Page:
The Olympic Games may be over in August, but the spirit of international collaboration is alive with an exhibition of Islamic art at the Tokyo National Museum, which runs until January 2022. Japan is the perfect destination for travelling exhibitions. The Japanese are among the most enthusiastic museum goers in the world, with a legendary liking of Impressionists and the ‘best of the West’. Before China became what it is now, Japanese exhibitions pulled in the biggest crowds around the world. They still have four in the top 20 of 2019’s most visited shows. Last year was, of course, a write-off almost everywhere.
The Islamic Arts Museum Malayasia
Less apparent is Japan’s commitment to Islamic art. The Islamic Arts Museum Malaysia (IAMM) was recently among the first to send a complete survey exhibition to a premier institution, the Tokyo National Museum (TNM). This coincided with the opening of the Olympic Games, which could have been a distraction if there had been more local sports lovers welcomed at the stadia. Still, the TNM is the most visited museum in Japan’s capital city, and is the largest and oldest in the country.
The title of the exhibition is 14 Dynasties and a Region: The History and Culture of the Muslim World, which is as comprehensive an overview of the subject as most audiences anywhere would have seen. Japan does have a longer history of interest in the subject than might be expected. Until the 20th century, it was art collectors and historians to the west and east of the Islamic world who were most immersed in the subject. Japan was especially fascinated by what travelled to their end of the rather ambiguous trade network known as the Silk Road.
The harvest of Islamic wares in Japan is meagre compared with what the IAMM has brought over. The profile of Islam around the world has risen hugely over recent decades, while Japan has had little hands-on experience of this phenomenon. It remains one of the most homogeneous nations in the world, with a very small number of home-grown Muslims. Curiosity is rampant, though.
Looking into the past, there was even less interaction than there is now. Apart from Islamic treasures such as ceramics, put into superbly crafted boxes for use in the tea ceremony, art historians have to look hard for connections. One is the 1887 visit by Prince Komatsu Akihito, sent by the Meiji Emperor to visit the Ottoman domains. In this mission to strengthen relations between the Empire of Japan and the Ottoman Empire, the Meiji Emperor sent as diplomatic gifts a sword and a suit of armour. This was a language that both sides understood well.
Arms and Armour
The current exhibition of Islamic art in Tokyo has a suitably impressive showing of the types of arms and armour that were less for the battlefield and more for such exchanges. These had long been important imperial and diplomatic gifts, cherished for their symbolic value and for their exquisite workmanship. The aesthetics of swords, daggers and armour reflected the status, wealth and power of their bearer – on both sides of Asia.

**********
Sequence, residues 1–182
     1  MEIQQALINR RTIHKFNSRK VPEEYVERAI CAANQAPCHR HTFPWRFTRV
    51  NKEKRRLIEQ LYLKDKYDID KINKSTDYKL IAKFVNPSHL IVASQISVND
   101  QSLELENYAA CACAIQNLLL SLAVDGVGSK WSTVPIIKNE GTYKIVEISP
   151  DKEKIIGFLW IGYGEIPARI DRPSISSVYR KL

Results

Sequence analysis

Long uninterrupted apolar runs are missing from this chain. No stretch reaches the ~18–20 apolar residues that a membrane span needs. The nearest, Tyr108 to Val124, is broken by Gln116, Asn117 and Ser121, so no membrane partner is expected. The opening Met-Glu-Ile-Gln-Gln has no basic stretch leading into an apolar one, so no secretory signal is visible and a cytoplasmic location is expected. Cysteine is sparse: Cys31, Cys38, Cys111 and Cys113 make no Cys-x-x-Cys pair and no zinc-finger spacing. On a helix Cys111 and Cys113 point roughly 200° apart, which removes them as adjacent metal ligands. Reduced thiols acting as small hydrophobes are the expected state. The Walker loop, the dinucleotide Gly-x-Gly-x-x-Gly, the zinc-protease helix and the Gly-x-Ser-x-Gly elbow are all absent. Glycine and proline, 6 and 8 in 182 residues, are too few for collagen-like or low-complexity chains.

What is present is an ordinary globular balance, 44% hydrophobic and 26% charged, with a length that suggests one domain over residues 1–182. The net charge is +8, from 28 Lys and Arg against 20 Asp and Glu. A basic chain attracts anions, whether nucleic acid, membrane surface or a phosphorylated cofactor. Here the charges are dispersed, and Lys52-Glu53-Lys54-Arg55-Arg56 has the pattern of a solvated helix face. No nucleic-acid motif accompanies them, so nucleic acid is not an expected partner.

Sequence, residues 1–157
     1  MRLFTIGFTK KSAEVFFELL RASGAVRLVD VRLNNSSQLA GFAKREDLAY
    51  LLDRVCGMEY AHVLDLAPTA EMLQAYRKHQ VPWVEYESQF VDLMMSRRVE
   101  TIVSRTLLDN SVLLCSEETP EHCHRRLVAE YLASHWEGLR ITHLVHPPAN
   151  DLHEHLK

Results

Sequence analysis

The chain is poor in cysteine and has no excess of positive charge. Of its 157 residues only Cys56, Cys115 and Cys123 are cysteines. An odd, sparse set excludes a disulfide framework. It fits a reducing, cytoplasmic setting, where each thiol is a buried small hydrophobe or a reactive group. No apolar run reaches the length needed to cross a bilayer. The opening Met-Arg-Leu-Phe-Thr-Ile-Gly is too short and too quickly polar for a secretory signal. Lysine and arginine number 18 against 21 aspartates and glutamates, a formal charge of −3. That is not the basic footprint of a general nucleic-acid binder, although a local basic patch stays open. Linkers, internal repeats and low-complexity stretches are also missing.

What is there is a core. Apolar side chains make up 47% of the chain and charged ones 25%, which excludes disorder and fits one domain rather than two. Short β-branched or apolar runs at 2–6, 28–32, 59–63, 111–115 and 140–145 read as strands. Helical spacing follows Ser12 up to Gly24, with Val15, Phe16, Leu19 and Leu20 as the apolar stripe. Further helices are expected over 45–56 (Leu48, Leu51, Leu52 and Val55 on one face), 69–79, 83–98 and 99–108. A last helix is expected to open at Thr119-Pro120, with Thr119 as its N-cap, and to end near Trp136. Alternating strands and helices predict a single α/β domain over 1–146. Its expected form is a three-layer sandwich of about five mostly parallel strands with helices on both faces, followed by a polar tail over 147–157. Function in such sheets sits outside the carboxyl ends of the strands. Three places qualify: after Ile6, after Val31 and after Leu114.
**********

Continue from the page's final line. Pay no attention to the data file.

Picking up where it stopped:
Across the Islamic world, royal ateliers and foundries were established, and the best arms designers were employed. Royal seals were also struck onto these weapons to control the quality of such weapons. When not in use, they were placed in repositories or arsenals, where their access and movement would be recorded and controlled. This is a process that Japanese art lovers will easily appreciate, although local tastes ran more to displaying these objects than to hiding them away.
Despite a shared love of edged weapons, the Islamic world and Japan were both shaped by firearm technology. The three best-known Muslim powers of the past 500 years are the Ottomans, Safavids, and Mughals. Although they came to be known as the ‘gunpowder empires’, their artistic output was phenomenal. Most of this exhibition’s contents represent these three groupings. By embracing gunpowder, they emerged militarily, commercially and culturally as the strongest empires in the Islamic world by the 16th century. The Ottomans commissioned local and European foundries to cast their cannon. These were used in seizing Constantinople from the Byzantine Empire in 1453 and later in securing the rest of Anatolia for Ottoman rule. Europe and the Arab world would soon know about it.
The Influence of the Ottomans
The influence of the Ottomans spread eastwards too. The Mughal Emperor Babur (1483-1530) sought their gunpowder expertise to defeat forces loyal to the Delhi Sultanate and thereby establish his dynasty in India for the next four centuries. As far away as the Malay world, sultans of Malacca sought Ottoman assistance with this new technology to combat the invading Portuguese.